Guide to Prepaid Debit Card Fees (and how to avoid them) :

All prepaid debit cards come with fees. Some more than others. In this guide, we examine the types of prepaid debit card fees most frequently encountered and give you tips on how to avoid them.

Man holding a sign saying "No Hidden Fees"

Every prepaid card charges some type of fee–even the low fee cards. But understanding those fees will not only help you choose the best card but also help you avoid many (even most) of those fees.

In this guide, we’ll explain each fee that prepaid cards charge, although certainly not every card charges every fee. Finally, we’ll show you some simple ways to minimize many of the fees or avoid them altogether.

List of Prepaid Card Fees

Click the link below to see the explanation.

Activation Fee: An Activation Fee is the fee that is charged when you first activate the card. Some cards call this fee a “start up fee” or a “purchase fee”. It’s basically the amount you have to pay to get the prepaid card and begin using it. It is a one time fee; once it’s paid you never have to pay it again.

Not all cards charge an activation fee. And for those cards that do, some waive the fee if you get the prepaid card online. You can find prepaid cards that do not charge an activation fee by using our Prepaid Card Search Tool.

For those prepaid cards that charge an Activation Fee, it can range from $1.00 to $9.95.

Monthly Fee: The Monthly Fee is the recurring fee you pay once a month to carry the card. It’s really just the charge you pay to be a card member, similar to annual fees some traditional credit cards charge. The fee can be anywhere from $1 to as much as $15 per month.

A few cards do not charge a monthly fee. Others offer opportunities to waive the monthly fee if your use of the card meets some criteria. For prepaid cards that waive the monthly fee, the waiver is typically available if you meet one or more of the following:

  • load a minimum amount to the card during the prior month (typically $500 or more),
  • maintain direct deposit to the card, or
  • make a minimum number of transactions (typically 30 or more).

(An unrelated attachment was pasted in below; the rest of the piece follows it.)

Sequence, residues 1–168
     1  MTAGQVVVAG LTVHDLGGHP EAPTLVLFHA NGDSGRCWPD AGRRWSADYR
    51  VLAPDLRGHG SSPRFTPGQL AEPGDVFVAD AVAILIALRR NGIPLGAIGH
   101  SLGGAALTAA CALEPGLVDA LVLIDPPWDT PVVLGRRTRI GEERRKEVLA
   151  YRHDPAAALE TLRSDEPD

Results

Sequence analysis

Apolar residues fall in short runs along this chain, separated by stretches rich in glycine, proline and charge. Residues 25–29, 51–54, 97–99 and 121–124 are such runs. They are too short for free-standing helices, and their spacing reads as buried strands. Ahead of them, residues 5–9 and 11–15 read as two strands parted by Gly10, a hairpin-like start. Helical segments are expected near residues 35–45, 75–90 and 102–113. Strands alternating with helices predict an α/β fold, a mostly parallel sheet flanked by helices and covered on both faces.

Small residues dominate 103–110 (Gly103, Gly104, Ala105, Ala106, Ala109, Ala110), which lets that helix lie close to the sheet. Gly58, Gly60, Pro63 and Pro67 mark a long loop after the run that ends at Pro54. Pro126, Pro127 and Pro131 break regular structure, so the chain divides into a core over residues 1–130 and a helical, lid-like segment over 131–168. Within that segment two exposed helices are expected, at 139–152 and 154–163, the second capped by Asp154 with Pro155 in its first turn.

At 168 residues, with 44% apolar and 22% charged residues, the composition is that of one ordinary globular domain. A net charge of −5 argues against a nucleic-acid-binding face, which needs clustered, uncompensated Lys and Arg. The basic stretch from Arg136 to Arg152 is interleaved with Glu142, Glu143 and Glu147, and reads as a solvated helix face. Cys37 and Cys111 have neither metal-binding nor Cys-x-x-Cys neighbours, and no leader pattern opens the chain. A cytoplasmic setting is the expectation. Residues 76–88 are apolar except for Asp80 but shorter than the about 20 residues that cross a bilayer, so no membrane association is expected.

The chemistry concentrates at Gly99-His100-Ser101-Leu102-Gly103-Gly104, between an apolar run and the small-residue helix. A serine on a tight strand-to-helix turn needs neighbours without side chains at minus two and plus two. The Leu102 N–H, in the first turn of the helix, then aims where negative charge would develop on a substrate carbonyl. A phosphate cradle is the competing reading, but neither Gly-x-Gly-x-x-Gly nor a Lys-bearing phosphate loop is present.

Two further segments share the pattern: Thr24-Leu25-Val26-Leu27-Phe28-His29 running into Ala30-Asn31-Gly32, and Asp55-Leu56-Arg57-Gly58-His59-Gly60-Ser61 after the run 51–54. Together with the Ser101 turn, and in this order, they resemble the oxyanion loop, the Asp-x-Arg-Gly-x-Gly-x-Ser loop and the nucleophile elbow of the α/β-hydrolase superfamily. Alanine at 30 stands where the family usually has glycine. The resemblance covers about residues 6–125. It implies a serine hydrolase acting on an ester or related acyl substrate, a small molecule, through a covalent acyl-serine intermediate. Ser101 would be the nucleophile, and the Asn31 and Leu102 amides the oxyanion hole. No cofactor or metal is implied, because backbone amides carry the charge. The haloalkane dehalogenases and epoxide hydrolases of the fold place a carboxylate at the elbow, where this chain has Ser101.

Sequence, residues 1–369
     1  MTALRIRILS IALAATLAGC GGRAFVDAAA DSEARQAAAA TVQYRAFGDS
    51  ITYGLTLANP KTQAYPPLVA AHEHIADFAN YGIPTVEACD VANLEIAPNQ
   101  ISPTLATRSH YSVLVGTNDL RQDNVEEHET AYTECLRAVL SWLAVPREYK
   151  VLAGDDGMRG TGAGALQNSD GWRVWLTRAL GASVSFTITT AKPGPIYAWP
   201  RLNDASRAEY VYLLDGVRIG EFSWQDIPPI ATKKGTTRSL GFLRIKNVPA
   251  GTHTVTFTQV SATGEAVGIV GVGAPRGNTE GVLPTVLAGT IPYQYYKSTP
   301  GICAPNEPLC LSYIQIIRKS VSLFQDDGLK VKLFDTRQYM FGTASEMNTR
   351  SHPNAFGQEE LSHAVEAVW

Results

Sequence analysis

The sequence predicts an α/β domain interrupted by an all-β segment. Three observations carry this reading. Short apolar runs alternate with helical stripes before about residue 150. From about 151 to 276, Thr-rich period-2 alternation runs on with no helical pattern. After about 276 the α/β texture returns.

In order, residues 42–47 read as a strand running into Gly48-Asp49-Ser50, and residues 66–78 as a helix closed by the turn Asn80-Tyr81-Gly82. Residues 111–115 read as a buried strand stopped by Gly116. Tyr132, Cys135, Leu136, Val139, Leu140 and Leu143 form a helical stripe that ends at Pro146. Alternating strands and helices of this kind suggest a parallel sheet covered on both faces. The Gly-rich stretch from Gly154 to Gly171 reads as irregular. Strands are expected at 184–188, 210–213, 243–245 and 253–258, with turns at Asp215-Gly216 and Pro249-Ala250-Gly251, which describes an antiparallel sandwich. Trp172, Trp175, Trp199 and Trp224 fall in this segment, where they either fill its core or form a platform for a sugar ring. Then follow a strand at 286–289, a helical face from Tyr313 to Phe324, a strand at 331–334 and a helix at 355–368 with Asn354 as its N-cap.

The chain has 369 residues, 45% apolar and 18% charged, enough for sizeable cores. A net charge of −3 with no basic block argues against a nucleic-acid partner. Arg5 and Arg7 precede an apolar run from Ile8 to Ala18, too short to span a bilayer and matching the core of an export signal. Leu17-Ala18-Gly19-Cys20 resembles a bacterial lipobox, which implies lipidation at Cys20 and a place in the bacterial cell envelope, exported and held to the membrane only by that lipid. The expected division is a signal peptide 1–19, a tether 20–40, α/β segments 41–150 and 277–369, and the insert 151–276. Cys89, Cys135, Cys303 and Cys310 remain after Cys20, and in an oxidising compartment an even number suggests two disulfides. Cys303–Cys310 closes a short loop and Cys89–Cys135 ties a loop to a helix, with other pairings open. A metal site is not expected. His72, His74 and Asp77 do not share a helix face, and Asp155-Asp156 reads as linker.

Purchase Fees: A Purchase Fee is the charge you incur when you make a purchase with your prepaid card. Most prepaid cards charge either Purchase fees or a monthly fee, but usually not both. Of the cards that charge Purchase fees, many charge less for purchases that you sign for (credit transactions) versus purchases where you enter your PIN (debit transactions). Purchase fees for signature purchases range from $.50 to $1.00 and from $.35 to $2.00 for PIN purchases.

Cash Reload Fee: A Cash Reload Fee or cash load fee is the charge you incur when you add cash to the card, other than through direct deposit or bank transfer. Most prepaid cards don’t directly charge a fee when you load cash on the card; rather, the fee is charged by the retailer or reload network that provides the reload service.

For example, cash can be added to many cards by purchasing a reload card or reloading cash at the register using Green Dot Reload @ the Register, Vanilla Reload, or Western Union, to name a few. Those reload services are available at various stores and other retailers. The fee is charged by the retailer at the time you purchase the reload card or load cash at the register. Cash reload fees range from $1.50 to $4.95 per transaction.

ATM Withdrawal Fee: ATM Fees are incurred when you withdraw money from an ATM. You actually incur two fees–one charged by the card provider and another by the owner of the ATM. Fees charged by prepaid cards range from $1.00 to $3.00. The fee charged by the ATM network varies.

Some cards offer an ATM network with free withdrawals when using an ATM in the network. In those cases, both fees are waived. You can find prepaid cards that offer free ATM withdrawals by using our Prepaid Card Search Tool.

ATM Balance Inquiry Fee: Most cards charge a fee when you check your balance at an ATM. Again, you’ll actually incur charges from both the card issuer and the ATM owner. The portion charged by prepaid card issuers ranges from $.33 to $2.50. For prepaid cards offering free in-network withdrawals, balance inquiry fees are also typically free when made at a network ATM.

Additional Card Fee: Some prepaid cards charge this one-time fee for each additional card issued on the same account. The Additional Card Fee ranges from $2.00 to $10.00.